— A History of Art in Chaldaea & Assyria, v. 1 • Georges Perrot

... vpon the Parthians, wher thei mette him with fyftie thousande horsemen: there ware of the whole nombre but eyghte hundred fre borne. They are not skylfull to fighte it oute at hande stripes, ne yeat in the maner of besieging or assaulting: but all together aftre the maner of skirmisshe as they spie their aduantage. Thei vse no trompet for their warninges or onsettes but a dromme: neither are thei able to endure long in their fighte. For yf they ware so good ...
— The Principal Navigations, Voyages, Traffiques, and Discoveries - Vol. II • Richard Hakluyt

... this end he marshalled his cardinals and other dignitaries in all their pomp; put himself at their head, and, escorted by an armed array of lay partisans, set out for Rome with the intention of besieging the Capitol. ...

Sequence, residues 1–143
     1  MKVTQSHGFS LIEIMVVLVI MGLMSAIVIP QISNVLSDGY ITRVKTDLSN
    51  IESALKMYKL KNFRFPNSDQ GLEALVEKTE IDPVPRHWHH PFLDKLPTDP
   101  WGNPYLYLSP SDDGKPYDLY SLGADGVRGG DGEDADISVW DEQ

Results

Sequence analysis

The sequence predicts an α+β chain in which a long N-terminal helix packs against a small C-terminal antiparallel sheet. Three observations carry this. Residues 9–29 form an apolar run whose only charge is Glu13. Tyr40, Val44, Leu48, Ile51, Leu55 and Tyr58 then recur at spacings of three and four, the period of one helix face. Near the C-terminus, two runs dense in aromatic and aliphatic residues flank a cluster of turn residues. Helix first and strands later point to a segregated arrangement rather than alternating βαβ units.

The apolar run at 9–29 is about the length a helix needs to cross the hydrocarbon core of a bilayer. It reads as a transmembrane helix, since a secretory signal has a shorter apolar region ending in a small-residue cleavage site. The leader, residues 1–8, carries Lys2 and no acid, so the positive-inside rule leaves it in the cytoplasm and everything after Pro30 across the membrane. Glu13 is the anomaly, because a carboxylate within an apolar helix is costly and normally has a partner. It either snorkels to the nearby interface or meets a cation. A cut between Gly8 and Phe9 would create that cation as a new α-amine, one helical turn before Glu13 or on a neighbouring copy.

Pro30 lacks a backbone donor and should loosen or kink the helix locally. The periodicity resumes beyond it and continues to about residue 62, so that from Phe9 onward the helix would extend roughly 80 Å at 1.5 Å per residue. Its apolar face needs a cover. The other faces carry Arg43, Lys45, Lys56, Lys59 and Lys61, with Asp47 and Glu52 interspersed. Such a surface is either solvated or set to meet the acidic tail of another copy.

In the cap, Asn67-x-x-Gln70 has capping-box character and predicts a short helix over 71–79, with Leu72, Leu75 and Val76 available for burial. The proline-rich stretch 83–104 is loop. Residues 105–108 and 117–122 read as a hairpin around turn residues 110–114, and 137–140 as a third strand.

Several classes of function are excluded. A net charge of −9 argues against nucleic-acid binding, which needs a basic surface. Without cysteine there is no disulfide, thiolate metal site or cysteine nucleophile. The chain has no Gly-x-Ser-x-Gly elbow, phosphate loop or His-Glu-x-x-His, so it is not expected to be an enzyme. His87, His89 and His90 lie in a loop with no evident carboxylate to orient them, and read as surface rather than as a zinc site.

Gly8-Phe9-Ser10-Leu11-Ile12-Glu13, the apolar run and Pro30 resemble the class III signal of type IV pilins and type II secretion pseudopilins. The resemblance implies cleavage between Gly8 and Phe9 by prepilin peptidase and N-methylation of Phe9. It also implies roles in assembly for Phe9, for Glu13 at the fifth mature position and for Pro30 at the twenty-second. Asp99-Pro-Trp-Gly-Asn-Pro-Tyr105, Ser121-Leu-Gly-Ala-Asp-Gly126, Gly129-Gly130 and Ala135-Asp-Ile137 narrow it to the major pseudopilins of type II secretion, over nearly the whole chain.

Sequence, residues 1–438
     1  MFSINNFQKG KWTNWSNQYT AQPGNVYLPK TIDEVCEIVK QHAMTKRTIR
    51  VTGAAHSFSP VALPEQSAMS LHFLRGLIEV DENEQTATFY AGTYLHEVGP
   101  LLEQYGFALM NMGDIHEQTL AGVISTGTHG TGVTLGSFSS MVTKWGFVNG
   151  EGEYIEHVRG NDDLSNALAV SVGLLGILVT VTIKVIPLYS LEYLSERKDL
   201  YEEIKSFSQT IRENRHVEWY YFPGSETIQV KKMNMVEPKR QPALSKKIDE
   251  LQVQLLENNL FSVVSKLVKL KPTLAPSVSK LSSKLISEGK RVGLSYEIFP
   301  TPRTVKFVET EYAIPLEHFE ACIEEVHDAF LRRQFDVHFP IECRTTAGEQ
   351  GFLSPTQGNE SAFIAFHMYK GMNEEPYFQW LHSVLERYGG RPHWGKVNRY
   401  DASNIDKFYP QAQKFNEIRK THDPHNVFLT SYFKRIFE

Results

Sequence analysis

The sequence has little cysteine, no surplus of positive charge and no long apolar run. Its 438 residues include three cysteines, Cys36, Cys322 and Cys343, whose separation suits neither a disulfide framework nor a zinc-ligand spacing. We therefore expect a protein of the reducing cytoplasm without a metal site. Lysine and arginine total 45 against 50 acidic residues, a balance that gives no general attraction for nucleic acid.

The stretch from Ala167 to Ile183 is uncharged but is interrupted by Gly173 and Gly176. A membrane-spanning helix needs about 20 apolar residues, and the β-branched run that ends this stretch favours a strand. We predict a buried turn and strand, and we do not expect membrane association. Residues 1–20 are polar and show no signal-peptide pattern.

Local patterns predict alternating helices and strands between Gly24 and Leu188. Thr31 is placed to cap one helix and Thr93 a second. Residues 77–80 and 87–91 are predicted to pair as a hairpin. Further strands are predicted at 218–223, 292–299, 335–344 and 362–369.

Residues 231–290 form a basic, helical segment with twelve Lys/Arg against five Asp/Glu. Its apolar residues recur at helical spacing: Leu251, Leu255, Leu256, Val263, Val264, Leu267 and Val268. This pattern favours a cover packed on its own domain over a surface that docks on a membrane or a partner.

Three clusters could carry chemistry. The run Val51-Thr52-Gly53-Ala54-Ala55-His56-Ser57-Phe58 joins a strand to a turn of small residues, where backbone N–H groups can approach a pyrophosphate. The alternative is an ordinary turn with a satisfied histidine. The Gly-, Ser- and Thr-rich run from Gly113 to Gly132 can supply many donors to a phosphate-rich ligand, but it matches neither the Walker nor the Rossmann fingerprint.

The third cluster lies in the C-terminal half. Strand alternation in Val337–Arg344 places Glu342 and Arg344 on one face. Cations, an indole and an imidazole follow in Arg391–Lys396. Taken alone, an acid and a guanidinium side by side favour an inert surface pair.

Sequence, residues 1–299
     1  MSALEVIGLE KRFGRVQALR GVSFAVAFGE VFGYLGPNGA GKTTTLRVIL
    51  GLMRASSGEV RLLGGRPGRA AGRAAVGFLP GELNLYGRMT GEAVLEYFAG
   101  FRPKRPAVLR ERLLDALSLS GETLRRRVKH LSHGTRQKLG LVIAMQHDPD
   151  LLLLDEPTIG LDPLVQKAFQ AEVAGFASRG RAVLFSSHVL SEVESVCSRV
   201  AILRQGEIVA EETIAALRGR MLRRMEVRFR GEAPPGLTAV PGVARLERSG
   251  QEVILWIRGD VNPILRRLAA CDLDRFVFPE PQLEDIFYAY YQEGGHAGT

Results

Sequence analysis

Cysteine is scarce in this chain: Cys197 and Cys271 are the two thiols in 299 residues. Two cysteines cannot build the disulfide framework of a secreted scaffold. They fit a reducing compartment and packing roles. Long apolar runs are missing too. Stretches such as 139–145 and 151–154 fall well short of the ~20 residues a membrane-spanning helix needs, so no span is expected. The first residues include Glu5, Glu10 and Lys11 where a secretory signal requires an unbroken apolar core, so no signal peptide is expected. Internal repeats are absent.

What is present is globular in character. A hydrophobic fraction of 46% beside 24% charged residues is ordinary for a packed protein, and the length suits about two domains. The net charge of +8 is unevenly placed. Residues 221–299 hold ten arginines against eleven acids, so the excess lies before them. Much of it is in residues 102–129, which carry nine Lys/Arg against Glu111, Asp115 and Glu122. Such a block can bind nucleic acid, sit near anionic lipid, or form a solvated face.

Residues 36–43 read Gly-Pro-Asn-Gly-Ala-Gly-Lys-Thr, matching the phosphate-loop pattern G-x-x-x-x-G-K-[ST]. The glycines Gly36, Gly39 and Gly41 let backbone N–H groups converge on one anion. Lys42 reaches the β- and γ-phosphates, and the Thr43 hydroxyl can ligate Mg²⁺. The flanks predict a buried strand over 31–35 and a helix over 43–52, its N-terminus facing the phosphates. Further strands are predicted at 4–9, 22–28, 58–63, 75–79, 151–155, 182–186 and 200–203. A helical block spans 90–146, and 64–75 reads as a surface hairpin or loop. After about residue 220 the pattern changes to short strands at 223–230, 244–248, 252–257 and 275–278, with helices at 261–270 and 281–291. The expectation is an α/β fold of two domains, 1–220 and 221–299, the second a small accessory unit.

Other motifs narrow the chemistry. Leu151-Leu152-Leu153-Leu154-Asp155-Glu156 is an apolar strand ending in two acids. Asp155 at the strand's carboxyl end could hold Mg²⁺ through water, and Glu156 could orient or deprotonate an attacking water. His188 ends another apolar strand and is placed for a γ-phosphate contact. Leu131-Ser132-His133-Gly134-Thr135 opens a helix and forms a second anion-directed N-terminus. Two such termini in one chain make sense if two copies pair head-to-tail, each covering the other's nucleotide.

— Pope Adrian IV - An Historical Sketch • Richard Raby

... invaders. Four Turkish batteries were seized, and a great number of their defenders were killed and captured; the remainder, after tough fighting during three hours and a half, being driven so far back that much of the besieging work had to be ...
— The Life of Thomas, Lord Cochrane, Tenth Earl of Dundonald, G.C.B., Admiral of the Red, Rear-Admiral of the Fleet, Etc., Etc. • Thomas Cochrane, Earl of Dundonald

... assaults upon impregnable fortifications. General Hooker had succeeded to the command of the Army of the Potomac, still sore under the cruel sacrifice of its brave men in the previous December. General Grant was besieging Vicksburg, which had been fortified with all the strength that military science could impart, and was defended by a very strong force under the command of J. C. Pemberton, a graduate of West Point, and a lieutenant- general in ...